Vaginal azoles Versus oral Fluconazole in Treatment of Recurrent Vulvovaginal Candidiasis


Zahra Fardyazar 1 , * , Shahram Habibzadeh 2 , Sedigheh Abdollahi Fard 1 , Mahshid Tello 1

1 Department of Gynecology and Obstetric, Tabriz University of Medical Sciences, Tabriz, IR Iran

2 Department of Infectious Disease and Tropical Medicine, Ardabil University of Medical Sciences, Ardabil, IR Iran

How to Cite: Fardyazar Z, Habibzadeh S, Abdollahi Fard S, Tello M. Vaginal azoles Versus oral Fluconazole in Treatment of Recurrent Vulvovaginal Candidiasis, Arch Clin Infect Dis. Online ahead of Print ; 2(1):17-22.


Archives of Clinical Infectious Diseases: 2 (1); 17-22
Article Type: Research Article


Background: Vulvovaginal candidiasis (VVC) is a fungal infection of the vagina and vulva. It is usually caused by Candida albicans, however, occasionally other candida species are responsible. The optimal treatment of VVC has not yet been defined. The present study was designed to compare the efficacy and safety of a single oral dose of fluconazole with clotrimazole vaginal cream as the treatment of choice for recurrent VVC.

Materials and Methods: We conducted a clinical trial study on 124 women with RVVC. Sampling of vaginal discharge was achieved for clinically suspected patients, then, observed with KOH for vaginal candidiasis. Sample culture was performed for cases in whom the result of direct examination was negative but there was high clinical suspicion of the disease. For laboratory examination, swab specimens were placed on sabourauds agar plus chloramphenicol and cyclohexamide with natural PH. For treatment, patients were randomized systematically in 2 equal groups, one receiving clotrimazole vaginal cream 5g/day for 7 days for acute episode and 5g twice a week for 6 months as a prophylaxis. The second group was prescribed single oral dose of fluconazole capsule 150 mg for acute episode followed by prophylactic regimen of 150 mg weekly for 6 months.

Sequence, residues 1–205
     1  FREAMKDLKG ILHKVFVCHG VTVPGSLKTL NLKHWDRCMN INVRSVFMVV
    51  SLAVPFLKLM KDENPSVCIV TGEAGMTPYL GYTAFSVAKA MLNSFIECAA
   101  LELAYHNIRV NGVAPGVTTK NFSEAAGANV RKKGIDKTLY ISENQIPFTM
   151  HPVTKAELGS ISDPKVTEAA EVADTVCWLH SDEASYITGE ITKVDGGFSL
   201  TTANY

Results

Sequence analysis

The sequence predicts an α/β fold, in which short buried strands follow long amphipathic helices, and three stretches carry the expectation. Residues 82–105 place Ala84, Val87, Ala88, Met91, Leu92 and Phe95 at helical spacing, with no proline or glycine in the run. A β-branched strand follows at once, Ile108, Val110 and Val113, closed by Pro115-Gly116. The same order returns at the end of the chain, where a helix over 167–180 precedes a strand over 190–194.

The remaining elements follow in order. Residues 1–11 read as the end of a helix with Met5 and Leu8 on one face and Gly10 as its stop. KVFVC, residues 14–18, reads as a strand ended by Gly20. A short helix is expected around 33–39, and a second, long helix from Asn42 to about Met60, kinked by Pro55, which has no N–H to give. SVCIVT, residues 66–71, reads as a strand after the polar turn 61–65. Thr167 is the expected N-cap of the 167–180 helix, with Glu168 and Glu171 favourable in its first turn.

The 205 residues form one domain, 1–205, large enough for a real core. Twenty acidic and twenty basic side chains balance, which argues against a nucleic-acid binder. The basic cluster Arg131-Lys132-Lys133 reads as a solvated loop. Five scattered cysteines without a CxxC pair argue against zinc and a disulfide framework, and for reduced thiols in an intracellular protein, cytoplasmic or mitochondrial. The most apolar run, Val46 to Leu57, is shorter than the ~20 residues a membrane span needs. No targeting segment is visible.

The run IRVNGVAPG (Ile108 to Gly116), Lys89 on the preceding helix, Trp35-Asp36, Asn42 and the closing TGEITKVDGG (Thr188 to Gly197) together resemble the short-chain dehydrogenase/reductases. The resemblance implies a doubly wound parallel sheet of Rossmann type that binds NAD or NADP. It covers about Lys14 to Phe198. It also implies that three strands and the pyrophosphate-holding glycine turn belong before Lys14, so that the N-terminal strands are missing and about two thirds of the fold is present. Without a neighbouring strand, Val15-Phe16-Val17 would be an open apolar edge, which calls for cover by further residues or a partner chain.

Results: A total of 124 women with RVVC were enrolled and assigned in 2 groups of fluconazole and clotrimazole with the mean age of 325 years (a range, 18-50 years) and 322 years (a range, 19-49 years), respectively. Of 117 cases, the recurrence rate was 8.6% in fluconazole and 8.5% in clotrimazole group. Recurrence rate in follow up period (second 6 months) was 38.3% and 40%, respectively (NS).

Conclusion: Response to treatment and reduction in recurrence rate of VVC were similar among fluconazole and longterm users of azole vaginal creams

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